China

People's Republic of ChinaChineseCHN
Ethnic minorities in China are the non-Han Chinese population in China.
In addition to Han people's local religious practices, there are also various ethnic minority groups in China who maintain their traditional autochthone religions.

Salar people

SalarSalarsSalar Muslims
The Salar people are a Turkic ethnic minority of China who largely speak the Salar language, an Oghuz language.

Zhonghua minzu

Chinese nationChineseChinese people
By definition, these ethnic minority groups, together with the Han majority, make up the greater Chinese nationality known as zhonghua minzu.

Xinjiang

Xinjiang Uyghur Autonomous RegionXinjiang Uygur Autonomous RegionSinkiang
Only Tibet Autonomous Region and Xinjiang Uygur Autonomous Region have a majority population of official minorities, while all other provinces, municipalities and regions of China have a Han majority.
Military personnel are not counted and national minorities are undercounted in the Chinese census, as in most censuses.

Affirmative action in China

affirmative actionallowed exceptionsthere are some benefits available
The policies giving preferential treatment to ethnic minorities in China.

List of ethnic groups in China

Major NationalitiesNationalities56 ethnic groups
The major minority ethnic groups in China are Zhuang (16.9 million), Hui (10.5 million), Manchu (10.3 million), Uyghur (10 million), Miao (9.4 million), Yi (8.7 million), Tujia (8.3 million), Tibetan (6.2 million), Mongol (5.9 million), Dong (2.8 million), Buyei (2.8 million), Yao (2.7 million), Bai (1.9 million), Korean (1.8 million), Hani (1.6 million), Li (1.4 million), Kazakh (1.4 million) and Dai (1.2 million).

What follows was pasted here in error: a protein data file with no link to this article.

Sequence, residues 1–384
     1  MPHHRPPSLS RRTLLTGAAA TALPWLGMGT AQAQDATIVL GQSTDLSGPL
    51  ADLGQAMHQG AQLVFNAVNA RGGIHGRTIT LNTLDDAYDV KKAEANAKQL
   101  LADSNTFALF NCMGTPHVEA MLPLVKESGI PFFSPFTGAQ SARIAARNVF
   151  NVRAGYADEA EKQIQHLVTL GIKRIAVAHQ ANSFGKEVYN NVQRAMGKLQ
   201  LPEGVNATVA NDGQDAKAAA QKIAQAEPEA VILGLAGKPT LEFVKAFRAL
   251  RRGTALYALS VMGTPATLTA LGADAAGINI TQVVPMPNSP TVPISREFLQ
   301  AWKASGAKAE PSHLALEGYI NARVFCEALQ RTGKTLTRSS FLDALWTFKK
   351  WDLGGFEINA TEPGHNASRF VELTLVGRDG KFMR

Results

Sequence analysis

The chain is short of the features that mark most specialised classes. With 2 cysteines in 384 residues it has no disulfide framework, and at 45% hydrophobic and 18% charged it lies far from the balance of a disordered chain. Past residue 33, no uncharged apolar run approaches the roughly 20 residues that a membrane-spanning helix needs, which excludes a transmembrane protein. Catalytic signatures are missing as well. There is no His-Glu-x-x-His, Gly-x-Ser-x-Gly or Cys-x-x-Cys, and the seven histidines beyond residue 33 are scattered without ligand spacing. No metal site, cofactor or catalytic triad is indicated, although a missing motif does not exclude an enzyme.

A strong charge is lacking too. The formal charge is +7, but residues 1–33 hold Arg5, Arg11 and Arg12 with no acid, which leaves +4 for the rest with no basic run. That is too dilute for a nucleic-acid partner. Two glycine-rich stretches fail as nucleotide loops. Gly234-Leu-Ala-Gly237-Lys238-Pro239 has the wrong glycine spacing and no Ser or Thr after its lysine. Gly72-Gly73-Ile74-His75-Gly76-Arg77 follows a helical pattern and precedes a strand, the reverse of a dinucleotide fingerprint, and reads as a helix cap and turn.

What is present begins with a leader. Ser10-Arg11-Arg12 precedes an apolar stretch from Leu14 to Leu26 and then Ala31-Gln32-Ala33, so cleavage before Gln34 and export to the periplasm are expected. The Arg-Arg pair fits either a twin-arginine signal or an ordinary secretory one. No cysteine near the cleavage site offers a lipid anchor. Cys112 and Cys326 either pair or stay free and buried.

Human rights in China

Human rights in the People's Republic of Chinahuman rightsChina's human rights record
Numerous human rights groups have publicized human rights issues in China that they consider the government to be mishandling, including: the death penalty (capital punishment), the one-child policy (in which China had made exceptions for ethnic minorities prior to abolishing it in 2015), the political and legal status of Tibet, and neglect of freedom of the press in mainland China.

China National Ethnic Song and Dance Ensemble

China National Ethnic Song and Dance Ensemble (,variously translated as China Central Song and Dance Ensemble of Ethnic Groups or Central Nationalities Song and Dance Ensemble), based in Beijing, is the only national-level performance group representing China's ethnic minorities.

Unrecognized ethnic groups in China

UndistinguishedUndistinguished ethnic groups in Chinaunrecognized ethnic groups
In addition to these officially recognized ethnic minority groups, there are Chinese nationals who privately classify themselves as members of unrecognized ethnic groups (such as Jewish, Tuvan, Oirat, Ili Turki, and Japanese).